Friday, June 11, 2010
Searching for Life on Io
Physorg offers this piece on the chances of finding life on Io.
If life were to exist on Io, the organisms would have to be extremophiles. Io is bombarded by high levels of radiation from Jupiter, so it would be virtually impossible for anything to survive on the surface. The life would probably be found in the moon's numerous lava tubes, where they would be protected from the radiation. And since we know life on Earth exists even in similarly inhospitable environments, it's reasonable to suspect life on Io might be equally hearty.
It's also unclear whether there is sufficient water that could act as a solvent for biological processes, but as astrobiologist Dirk Schulze-Makuch suggests, the organisms could use some sort of sulfur compound instead of water, as Io is rich in the element. According to Dr. Schulze-Makuch, hydrogen sulfide, sulfur dioxide or perhaps even sulfuric acid might be able to do the job.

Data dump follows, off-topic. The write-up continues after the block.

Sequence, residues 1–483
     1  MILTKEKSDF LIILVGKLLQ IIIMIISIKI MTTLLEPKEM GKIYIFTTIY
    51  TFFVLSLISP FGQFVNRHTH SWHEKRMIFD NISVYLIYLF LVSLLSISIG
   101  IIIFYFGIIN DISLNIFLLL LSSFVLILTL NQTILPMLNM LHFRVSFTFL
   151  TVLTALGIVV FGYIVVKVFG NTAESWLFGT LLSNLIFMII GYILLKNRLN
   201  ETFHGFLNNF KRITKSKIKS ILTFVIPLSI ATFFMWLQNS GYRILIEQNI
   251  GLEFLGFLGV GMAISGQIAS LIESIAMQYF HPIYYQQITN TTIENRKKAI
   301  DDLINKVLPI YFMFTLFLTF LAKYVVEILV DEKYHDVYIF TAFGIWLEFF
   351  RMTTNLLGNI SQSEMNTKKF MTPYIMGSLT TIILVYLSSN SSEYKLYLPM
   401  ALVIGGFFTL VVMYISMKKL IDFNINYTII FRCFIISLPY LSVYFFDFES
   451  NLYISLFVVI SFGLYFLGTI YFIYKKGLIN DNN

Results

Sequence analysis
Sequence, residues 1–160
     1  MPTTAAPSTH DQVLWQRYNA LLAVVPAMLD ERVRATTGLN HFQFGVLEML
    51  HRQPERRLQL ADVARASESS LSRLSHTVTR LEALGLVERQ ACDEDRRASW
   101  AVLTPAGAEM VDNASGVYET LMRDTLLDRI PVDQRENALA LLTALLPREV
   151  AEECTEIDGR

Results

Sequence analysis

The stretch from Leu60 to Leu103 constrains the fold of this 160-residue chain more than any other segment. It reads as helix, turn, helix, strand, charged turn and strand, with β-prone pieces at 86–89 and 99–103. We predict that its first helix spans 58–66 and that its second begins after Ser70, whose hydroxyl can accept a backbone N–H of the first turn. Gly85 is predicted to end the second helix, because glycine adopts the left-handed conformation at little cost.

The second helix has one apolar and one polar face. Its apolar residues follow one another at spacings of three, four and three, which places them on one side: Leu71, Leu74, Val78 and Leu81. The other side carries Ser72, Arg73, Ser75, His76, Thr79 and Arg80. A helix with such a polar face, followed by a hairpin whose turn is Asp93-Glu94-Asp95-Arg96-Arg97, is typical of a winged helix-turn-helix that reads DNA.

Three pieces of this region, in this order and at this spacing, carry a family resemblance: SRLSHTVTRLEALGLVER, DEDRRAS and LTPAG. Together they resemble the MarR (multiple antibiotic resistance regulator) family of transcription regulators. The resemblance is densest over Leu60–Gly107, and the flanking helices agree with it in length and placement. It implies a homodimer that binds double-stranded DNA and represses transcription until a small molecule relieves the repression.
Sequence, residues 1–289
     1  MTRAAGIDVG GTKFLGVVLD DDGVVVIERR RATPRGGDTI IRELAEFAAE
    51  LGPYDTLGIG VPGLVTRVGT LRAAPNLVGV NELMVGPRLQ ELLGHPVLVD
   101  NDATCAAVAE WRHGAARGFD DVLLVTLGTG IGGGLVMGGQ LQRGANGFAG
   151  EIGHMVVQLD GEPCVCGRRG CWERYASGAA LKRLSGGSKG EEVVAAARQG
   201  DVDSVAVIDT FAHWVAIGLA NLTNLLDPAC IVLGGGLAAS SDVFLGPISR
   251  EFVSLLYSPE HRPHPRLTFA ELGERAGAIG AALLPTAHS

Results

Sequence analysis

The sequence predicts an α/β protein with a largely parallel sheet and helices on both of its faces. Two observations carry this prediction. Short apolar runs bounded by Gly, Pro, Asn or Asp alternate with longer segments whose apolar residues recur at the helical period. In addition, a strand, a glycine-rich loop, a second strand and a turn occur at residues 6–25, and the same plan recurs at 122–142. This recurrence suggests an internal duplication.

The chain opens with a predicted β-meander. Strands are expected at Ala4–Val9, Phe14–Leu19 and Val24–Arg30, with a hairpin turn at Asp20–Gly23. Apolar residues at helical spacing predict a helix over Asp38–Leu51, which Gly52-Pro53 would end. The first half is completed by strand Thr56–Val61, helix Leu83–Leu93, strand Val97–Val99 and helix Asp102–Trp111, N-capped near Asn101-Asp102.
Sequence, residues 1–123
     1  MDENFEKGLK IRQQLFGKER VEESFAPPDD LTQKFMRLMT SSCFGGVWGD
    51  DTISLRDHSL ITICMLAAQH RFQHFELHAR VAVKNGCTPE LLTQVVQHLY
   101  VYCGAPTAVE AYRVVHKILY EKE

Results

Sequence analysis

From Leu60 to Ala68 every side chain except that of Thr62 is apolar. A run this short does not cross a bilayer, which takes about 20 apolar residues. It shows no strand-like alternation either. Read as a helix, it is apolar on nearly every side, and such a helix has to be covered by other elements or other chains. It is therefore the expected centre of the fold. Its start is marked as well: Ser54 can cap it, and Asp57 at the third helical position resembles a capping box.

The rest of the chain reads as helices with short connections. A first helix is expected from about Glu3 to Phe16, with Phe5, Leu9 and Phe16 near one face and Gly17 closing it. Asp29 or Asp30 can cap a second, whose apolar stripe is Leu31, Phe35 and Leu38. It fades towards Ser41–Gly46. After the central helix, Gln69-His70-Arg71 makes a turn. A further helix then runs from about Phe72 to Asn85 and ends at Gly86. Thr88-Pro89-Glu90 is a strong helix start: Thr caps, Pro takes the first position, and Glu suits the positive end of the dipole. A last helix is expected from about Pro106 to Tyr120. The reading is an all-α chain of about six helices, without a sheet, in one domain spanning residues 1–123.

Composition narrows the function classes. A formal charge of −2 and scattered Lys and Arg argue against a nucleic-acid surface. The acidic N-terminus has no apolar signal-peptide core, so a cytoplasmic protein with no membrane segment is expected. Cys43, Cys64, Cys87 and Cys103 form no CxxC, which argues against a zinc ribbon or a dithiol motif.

In any case, the search for life on Io would be an extraordinarily complex endeavor, as any lander would have to endure extreme conditions. So don't hold your breath for a mission there anytime soon. And in any case, I think we've got a better chance finding something on Europa or Titan. But Io is still an intriguing destination, and we shouldn't rule out further investigation just yet.